First published in Retail Week, 11 December, 2014 |
Cyber Monday, Black Friday and before that Singles Day have all featured large in recent weeks – accompanied by the inevitable slew of new stats on how much we are spending online and with what devices.
Perhaps the most pertinent number comes from the IMRG, which estimated that Britons spent £1.32bn on the Black Friday/Cyber Monday weekend and usage of smartphones and tablets was up 4,000% on 2010.
Reading all this, the average person would find it easy to imagine a future with very few shops – but like most in retail, I doubt that. Here’s a small, but significant, reason why.
I had a very simple mission on Black Friday: to get to Selfridges, buy three jars of personalised Nutella and get out.
What should have been a very quick path to purchase was in fact an intertwining journey of pedestrian avoidance, dodging buses and taxis, being abused by cyclists, before finally giving up as I realised that buying this ‘can’t-buy-anywhere-else item’ was going to involve an hour in a queue.
As my walk down Oxford Street on Black Friday proved, the shopping fervour was stronger than ever. What drives us there is the lure of the different and the pull of the new.
Shoppers have always been frustrated at Christmas and Hollywood has even made films based on the challenge of buying that must-have new toy. Of course being the first with ‘new’ has almost become a sport and seeing the tents outside the Apple store on Regent Street, two days before the launch of the iPhone 6, is testament to the positive emotional response that can be driven by ‘new’.
According to research from Nielsen, in-store discovery is one of the largest drivers of new product awareness (72%) and outperforms traditional communication; TV is 59% and print advertising comes in at 54%.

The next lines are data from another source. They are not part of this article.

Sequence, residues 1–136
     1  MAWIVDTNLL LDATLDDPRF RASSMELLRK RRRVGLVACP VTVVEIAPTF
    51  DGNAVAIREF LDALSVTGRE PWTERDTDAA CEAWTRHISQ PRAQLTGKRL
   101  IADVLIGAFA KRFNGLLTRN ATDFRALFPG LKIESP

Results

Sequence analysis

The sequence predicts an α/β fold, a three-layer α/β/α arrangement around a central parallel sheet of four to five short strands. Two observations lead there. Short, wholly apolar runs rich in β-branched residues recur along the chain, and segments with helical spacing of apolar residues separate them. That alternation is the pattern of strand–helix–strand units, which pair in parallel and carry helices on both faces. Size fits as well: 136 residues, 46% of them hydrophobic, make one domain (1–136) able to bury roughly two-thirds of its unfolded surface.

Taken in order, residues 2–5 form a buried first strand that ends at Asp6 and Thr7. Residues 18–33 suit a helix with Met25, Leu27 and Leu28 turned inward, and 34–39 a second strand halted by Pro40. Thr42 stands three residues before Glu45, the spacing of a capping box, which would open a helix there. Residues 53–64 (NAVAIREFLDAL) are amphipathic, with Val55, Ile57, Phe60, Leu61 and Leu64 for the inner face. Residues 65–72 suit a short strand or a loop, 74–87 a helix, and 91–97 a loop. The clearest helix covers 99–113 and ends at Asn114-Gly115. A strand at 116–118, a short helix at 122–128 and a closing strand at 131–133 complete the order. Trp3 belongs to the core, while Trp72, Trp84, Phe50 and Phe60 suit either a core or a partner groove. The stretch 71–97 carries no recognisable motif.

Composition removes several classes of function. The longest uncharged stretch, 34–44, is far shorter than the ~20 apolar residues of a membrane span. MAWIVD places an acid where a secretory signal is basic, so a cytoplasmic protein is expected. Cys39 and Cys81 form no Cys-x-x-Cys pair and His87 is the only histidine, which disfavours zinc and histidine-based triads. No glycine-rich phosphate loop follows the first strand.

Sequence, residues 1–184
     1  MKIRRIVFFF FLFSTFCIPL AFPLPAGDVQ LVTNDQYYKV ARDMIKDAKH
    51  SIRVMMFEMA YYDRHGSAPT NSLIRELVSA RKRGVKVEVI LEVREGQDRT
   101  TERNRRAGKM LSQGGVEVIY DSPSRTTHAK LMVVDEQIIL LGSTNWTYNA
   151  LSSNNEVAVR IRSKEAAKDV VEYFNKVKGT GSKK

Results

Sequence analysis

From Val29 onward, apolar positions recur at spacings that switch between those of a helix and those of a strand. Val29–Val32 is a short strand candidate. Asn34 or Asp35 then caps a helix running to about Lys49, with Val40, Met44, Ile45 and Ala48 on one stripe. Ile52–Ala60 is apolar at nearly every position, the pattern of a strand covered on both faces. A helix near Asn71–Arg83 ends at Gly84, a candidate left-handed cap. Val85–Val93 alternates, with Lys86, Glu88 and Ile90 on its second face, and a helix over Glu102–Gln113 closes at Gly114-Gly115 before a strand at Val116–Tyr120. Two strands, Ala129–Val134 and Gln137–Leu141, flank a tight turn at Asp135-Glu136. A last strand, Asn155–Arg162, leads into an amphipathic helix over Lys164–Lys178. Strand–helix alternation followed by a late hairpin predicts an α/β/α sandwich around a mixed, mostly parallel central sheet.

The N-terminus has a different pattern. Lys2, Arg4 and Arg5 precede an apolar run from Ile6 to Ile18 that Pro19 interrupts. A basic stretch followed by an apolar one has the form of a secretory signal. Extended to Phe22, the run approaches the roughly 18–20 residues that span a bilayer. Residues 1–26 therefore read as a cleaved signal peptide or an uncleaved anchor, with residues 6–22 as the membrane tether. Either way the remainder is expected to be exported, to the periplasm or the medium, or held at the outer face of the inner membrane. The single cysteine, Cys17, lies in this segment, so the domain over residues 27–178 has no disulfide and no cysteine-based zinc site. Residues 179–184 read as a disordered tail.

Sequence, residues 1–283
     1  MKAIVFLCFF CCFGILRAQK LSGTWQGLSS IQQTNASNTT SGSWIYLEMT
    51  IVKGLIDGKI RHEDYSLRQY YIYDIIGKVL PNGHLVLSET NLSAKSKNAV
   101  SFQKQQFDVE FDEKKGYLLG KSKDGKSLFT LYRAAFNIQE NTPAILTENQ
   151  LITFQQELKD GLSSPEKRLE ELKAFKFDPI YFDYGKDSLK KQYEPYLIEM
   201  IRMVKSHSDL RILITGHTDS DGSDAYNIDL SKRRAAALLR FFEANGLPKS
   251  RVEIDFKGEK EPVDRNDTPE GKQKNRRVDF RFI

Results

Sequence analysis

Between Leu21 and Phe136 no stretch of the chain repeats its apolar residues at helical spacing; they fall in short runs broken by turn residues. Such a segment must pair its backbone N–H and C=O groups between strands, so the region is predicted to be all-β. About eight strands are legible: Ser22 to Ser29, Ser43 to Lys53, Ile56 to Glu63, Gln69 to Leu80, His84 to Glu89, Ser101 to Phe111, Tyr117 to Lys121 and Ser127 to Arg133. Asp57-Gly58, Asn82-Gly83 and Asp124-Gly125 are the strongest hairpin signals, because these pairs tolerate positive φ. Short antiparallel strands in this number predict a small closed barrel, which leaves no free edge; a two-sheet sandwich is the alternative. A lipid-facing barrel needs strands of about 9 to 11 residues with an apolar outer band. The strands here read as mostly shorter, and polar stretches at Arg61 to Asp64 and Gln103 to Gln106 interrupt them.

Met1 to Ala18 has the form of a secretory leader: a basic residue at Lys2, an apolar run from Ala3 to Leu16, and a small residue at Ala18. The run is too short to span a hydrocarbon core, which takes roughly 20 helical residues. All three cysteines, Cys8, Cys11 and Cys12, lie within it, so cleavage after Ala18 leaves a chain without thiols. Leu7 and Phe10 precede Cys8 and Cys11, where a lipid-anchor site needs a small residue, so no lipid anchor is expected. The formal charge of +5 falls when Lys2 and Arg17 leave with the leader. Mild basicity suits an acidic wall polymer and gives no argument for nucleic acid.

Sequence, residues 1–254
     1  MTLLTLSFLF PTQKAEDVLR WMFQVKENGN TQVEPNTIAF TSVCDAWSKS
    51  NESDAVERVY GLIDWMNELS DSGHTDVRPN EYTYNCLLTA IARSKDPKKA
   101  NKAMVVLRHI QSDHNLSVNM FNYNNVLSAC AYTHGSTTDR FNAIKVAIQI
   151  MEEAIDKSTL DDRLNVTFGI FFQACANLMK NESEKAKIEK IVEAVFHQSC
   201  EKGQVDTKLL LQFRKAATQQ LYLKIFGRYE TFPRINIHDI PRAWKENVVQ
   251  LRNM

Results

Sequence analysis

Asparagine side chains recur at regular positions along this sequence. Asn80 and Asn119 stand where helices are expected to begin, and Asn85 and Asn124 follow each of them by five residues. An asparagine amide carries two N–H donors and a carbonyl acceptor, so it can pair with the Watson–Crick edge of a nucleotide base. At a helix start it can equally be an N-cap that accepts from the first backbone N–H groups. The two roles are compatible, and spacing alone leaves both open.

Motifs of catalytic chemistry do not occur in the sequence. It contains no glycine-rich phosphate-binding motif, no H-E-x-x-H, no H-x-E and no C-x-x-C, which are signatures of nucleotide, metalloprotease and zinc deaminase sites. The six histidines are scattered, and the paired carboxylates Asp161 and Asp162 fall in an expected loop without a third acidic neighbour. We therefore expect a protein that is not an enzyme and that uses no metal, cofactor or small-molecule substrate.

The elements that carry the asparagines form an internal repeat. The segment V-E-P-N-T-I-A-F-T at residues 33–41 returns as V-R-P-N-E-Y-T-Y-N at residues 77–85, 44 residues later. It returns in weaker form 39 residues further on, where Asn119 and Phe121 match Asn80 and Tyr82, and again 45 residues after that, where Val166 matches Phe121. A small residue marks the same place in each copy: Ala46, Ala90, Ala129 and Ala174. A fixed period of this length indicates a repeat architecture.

‘New’ is probably the most powerful word in retail.
As we all strive to define our future in retail, struggle with price competition and transform to deliver the customer the convenience of omnichannel services, we must not forget what makes the store exciting and what makes people want to visit.
Those that are on a simple mission will move in increasing numbers to convenience and online solutions, but many more will continue to visit stores to find what is new.
New season has always been big in fashion and those smart clothing retailers are now turning their collections faster and faster. The speed that they can get new lines to market is what makes them successful.
But it’s a bigger challenge for the big boxes, especially those stores who must rely on suppliers and brand owners to bring them new. This calls for greater collaboration between brands and retailers.
Selfridges is very good at this. I have my Nutella now – three jars cost £12, about three times what I’d pay at Tesco. But it is unique, and new. If you’re doing the traditional crystal-ball gazing to divine the future of bricks and mortar, you could do worse than build a temple to ‘new’.